So, here I sit, in central command; the new girl, who has no clue what’s going on or how things work or who people are or even how to place a simple phone call. Luckily I’m not completely new to the task of being an administrative assistant; I spent quite a bit of time at the World Bank providing support to Bank staffers of various levels. Had I not, I’d be completely in the weeds here. Wait, no that’s not quite right. What’s beyond the weeds? Maybe the highway….yeah, that’s about right.

Had I not had my Bank experience, covering the USAID Mission front office would have been like strolling into traffic on the NY State Thruway while blindfolded and being squished by a semi.

So, I’m managing to hold my own. I ask lots of stupid questions about how to work the phones, how to use Outlook (the Bank uses Lotus Notes, and the switch has been tricky), where I can find office supplies, what printer should I use, which ambassador to call to schedule a meeting on water projects……you know, the typical questions you ask when starting a new job.

The Security Situation
I know that everyone is worried about mine and Nick's safety. My little story about being stranded at the airport temporarily probably didn’t make you feel any better.

First, let me reassure you that as long as Nick and I are on the Embassy compound, we are safe. Or rather, we’re about as safe as we are when we’re in DC. On any given day in DC, there’s always the risk that we could get run over by a bus (increased by our reckless bike riding habits, I’m sure), or mugged, or what have you. But as long as we’re doing routine activities, we don’t think about the danger too much.

It’s the same way here. There’s always a chance that a rocket could fall on the compound (lessened by the terrorists’ lack of targeting systems), or that we could be squished in a building collapse during an earthquake (lessened by the fact that the USAID office building is made up of a connected series of pre-fab containers). But for the most part we go about our routine inside the bubble of the US Embassy compound and don’t register the dangers on a conscious level.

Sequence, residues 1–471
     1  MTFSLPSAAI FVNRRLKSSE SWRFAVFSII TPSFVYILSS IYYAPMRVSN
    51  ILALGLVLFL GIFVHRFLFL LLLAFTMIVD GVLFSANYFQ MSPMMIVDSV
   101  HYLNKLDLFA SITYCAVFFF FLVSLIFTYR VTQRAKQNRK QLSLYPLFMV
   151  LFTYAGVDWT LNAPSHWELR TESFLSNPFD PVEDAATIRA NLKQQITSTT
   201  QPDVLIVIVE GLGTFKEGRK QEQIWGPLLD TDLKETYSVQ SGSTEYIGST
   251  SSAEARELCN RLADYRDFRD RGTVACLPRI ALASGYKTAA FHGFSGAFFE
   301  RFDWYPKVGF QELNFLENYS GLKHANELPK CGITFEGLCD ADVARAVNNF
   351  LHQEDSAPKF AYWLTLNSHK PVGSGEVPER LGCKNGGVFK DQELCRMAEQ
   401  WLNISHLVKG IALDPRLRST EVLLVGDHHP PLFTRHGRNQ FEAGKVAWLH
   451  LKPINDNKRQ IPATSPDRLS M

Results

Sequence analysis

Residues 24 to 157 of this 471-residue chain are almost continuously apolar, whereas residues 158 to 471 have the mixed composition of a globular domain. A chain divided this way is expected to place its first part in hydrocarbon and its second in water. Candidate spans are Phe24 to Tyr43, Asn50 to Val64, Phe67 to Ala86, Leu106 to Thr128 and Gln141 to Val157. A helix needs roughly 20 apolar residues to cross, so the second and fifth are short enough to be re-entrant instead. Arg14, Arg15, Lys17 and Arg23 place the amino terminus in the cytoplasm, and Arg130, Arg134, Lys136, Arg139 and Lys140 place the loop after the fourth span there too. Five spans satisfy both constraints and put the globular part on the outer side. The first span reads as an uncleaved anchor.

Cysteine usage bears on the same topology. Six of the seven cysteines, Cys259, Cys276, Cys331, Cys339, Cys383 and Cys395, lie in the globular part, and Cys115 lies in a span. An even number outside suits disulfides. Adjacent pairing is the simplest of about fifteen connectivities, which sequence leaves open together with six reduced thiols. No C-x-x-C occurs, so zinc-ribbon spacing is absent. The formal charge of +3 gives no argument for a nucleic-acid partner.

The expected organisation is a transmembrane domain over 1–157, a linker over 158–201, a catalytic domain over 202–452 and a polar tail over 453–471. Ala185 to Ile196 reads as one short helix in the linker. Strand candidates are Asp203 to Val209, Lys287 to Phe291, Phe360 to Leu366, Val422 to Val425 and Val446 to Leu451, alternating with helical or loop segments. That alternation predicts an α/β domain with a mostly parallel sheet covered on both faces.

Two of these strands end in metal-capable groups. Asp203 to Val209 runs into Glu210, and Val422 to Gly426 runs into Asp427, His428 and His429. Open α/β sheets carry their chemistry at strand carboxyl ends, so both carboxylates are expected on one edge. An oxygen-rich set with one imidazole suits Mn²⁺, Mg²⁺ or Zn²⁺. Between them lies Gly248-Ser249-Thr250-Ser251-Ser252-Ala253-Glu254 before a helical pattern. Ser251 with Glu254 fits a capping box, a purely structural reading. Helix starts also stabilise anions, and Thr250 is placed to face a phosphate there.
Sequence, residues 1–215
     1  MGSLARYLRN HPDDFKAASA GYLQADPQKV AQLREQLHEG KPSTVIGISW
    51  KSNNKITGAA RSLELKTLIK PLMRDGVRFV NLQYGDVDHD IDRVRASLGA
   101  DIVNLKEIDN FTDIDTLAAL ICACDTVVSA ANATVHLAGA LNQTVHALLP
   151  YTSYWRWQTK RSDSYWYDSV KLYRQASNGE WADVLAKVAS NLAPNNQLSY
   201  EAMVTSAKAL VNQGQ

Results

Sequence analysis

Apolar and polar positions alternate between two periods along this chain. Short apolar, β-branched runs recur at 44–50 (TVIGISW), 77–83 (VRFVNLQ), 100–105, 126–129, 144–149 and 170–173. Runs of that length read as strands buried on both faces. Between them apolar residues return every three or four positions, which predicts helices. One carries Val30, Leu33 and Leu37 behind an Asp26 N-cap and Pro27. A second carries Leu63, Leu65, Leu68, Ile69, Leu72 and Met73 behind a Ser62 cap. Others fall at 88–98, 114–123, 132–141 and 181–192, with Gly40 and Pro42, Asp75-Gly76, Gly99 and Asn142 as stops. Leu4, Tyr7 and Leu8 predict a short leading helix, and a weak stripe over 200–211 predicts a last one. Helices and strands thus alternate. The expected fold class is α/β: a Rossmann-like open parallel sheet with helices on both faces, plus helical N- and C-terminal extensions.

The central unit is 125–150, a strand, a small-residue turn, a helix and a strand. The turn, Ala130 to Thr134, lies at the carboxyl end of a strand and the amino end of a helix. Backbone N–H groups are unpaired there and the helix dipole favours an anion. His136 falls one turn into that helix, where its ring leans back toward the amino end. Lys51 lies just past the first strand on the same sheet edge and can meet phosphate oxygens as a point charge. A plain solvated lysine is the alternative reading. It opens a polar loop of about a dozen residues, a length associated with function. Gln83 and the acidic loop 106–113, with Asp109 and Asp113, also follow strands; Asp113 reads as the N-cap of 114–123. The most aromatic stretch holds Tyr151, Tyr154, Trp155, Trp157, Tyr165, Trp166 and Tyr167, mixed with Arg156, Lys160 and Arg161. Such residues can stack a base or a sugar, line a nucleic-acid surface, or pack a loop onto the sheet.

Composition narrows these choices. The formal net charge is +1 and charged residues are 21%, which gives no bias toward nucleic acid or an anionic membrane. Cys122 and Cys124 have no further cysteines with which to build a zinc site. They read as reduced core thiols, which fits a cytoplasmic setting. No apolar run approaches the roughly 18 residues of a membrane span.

It’s only when we change up our routine – travelling in Kabul, making site visits, taking a helicopter trip to Bagram, etc. – that we really feel at risk. And even then we’re well protected by the security teams.

So I hope that none of you – and I'm looking at YOU, friends and family – are lying awake at night worrying about Nick and me, fretting about us wandering around Afghanistan, with danger and bad guys stalking our every move. We’re safe. And we kindly ask that you redirect all of those worries and prayers and good wishes to thoughts of the USAID/government staff in the field, and our military personnel on the front lines. They need your positive energy more than we do.

Wow, that’s a lot of writing. Looks like there will be an unexpected sequel to fill you all in on the food situation and on how Nick and I spend our downtime. I think I shall call it Welcome to Kabul Part III, or It's a Greasy & Repetitive Life. Maybe – if I’m in the mood to live dangerously – I’ll throw in a few pictures to give you all a peek into our lives here. And if I feel the need to be really dangerous, I'll attempt to wrangle Nick into writing an entry in the near future.

1 comment:

  1. Hi Liz: I will be headed to Kabul this summer and have been enjoying your blog. I'd love to email with you (if that's ok and you have time!) to ask you a couple questions. I'm hesitant to post my "real" email/name here but if you're available to chat, could you drop me a line at mabillon.nest AT gmail?

    Good luck with the transition!